Initially, because she underestimates her own courage, which has never been properly tested, Dana doubts that she has sufficient fortitude to survive in the nineteenth century. As Kindred unfolds, it becomes clear that she does, indeed, have abundant courage and stamina. Butler effectively utilizes a common technique in fiction whereby an individual becomes heroic by transcending his or her base humanity by drawing on hidden inner resources. Dana is tested in her second trip to the past when she is nearly raped by a white man who is part of a patrol—the forerunner to the Ku Klux Klan. Never before having experienced physical abuse, initially Dana is reluctant to act. She fails to disable him by gouging his eyes, thereby losing her only chance for escape. She learns from the experience, however, knowing that in the future she will be ready and willing to harm or kill if necessary. Ultimately, she frees herself from the past by killing Rufus with a concealed knife as he attempts to rape her.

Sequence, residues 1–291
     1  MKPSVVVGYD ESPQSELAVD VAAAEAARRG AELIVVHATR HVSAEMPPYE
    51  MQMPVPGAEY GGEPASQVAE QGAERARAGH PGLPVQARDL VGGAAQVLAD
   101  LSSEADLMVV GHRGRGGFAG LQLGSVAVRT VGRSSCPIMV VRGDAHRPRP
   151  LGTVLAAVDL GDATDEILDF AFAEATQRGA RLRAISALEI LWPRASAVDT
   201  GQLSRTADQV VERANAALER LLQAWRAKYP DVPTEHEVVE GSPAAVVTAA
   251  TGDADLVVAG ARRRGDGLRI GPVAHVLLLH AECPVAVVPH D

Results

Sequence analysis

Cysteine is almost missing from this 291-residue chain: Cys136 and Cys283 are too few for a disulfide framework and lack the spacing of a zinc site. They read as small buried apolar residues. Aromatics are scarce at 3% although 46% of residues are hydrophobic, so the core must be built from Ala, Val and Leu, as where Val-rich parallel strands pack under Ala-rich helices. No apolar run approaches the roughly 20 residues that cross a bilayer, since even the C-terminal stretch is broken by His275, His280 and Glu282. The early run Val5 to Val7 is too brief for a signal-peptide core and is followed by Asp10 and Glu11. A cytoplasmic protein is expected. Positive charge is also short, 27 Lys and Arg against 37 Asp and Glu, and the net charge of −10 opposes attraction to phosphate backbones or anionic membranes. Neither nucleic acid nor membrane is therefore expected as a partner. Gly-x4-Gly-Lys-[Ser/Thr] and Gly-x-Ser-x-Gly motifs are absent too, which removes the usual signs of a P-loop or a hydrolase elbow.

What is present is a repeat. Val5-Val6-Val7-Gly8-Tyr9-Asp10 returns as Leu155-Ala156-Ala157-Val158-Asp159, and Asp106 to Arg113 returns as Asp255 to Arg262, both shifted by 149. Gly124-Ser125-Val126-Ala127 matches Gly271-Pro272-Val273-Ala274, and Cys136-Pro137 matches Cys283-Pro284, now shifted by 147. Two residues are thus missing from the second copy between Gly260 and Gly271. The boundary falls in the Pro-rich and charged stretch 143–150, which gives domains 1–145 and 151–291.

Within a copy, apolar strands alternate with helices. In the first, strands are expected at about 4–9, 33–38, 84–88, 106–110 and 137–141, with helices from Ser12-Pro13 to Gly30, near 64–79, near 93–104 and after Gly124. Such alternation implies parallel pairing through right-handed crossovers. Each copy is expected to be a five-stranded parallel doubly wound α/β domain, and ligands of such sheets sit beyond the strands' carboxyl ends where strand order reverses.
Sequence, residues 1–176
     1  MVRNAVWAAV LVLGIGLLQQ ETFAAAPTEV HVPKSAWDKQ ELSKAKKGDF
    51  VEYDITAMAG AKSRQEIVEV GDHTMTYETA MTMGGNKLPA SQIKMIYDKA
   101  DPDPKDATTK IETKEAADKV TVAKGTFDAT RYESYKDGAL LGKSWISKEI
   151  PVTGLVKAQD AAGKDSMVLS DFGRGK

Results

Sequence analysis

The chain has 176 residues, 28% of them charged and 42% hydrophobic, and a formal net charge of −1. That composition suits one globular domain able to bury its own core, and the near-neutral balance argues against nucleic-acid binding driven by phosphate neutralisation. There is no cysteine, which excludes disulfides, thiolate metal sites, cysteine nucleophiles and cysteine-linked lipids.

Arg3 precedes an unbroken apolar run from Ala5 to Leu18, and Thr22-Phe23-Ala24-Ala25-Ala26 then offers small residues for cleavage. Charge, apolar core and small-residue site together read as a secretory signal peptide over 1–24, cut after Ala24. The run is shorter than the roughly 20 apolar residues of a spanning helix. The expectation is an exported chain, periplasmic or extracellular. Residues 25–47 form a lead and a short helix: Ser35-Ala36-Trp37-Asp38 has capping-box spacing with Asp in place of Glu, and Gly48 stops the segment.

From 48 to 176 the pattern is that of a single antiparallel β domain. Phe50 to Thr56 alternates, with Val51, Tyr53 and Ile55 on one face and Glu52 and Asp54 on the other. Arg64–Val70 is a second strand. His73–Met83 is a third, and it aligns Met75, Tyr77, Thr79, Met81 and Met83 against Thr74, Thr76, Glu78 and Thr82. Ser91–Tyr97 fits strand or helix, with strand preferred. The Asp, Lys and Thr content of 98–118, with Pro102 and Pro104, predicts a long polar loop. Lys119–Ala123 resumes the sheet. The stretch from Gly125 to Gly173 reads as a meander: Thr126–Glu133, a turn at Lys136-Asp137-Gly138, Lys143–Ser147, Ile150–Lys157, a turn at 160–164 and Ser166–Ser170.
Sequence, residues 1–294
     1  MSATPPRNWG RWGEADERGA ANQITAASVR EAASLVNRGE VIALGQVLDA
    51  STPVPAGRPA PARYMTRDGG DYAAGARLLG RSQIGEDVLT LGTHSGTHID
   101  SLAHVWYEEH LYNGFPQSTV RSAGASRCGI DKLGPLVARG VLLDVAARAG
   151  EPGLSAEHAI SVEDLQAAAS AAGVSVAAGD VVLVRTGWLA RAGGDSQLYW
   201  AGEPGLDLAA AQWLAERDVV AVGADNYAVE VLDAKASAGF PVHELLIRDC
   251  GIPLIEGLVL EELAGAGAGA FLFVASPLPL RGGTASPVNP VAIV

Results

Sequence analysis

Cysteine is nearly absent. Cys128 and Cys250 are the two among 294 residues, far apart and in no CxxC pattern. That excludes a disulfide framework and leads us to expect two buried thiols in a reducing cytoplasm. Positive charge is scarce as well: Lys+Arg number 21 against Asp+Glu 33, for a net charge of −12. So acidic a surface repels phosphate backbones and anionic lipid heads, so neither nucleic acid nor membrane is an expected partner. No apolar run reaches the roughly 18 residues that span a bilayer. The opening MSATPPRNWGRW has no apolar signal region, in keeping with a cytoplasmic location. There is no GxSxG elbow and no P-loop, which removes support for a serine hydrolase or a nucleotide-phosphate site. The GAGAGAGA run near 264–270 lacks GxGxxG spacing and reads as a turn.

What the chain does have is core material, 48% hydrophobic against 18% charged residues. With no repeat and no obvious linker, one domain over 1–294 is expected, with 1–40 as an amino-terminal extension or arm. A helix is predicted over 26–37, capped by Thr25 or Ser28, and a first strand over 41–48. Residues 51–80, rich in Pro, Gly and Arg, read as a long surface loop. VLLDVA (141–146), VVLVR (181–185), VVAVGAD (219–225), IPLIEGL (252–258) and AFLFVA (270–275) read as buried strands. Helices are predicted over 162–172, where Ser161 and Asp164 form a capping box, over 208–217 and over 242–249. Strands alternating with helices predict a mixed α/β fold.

While Dana is discovering her own strength of character, she learns of the various forms that courage assumes among the plantation slaves. Sarah, whose own children—with the exception of the mute Carrie—have all been sold, nevertheless protects and loves other children of the plantation. She refrains from attempting escape for the sake of Carrie, but she does so with dignity and with anger. Although marriages between slaves are not legally sanctioned, slaves have developed their own rituals of union. Nigel, a carpenter, uses his craft and his slightly privileged position with Rufus to work for hire in his spare time. Rufus receives a percentage of Nigel’s wages, but Nigel, with his share, builds a relatively substantial house for his wife and three...
(The entire section is 721 words.)
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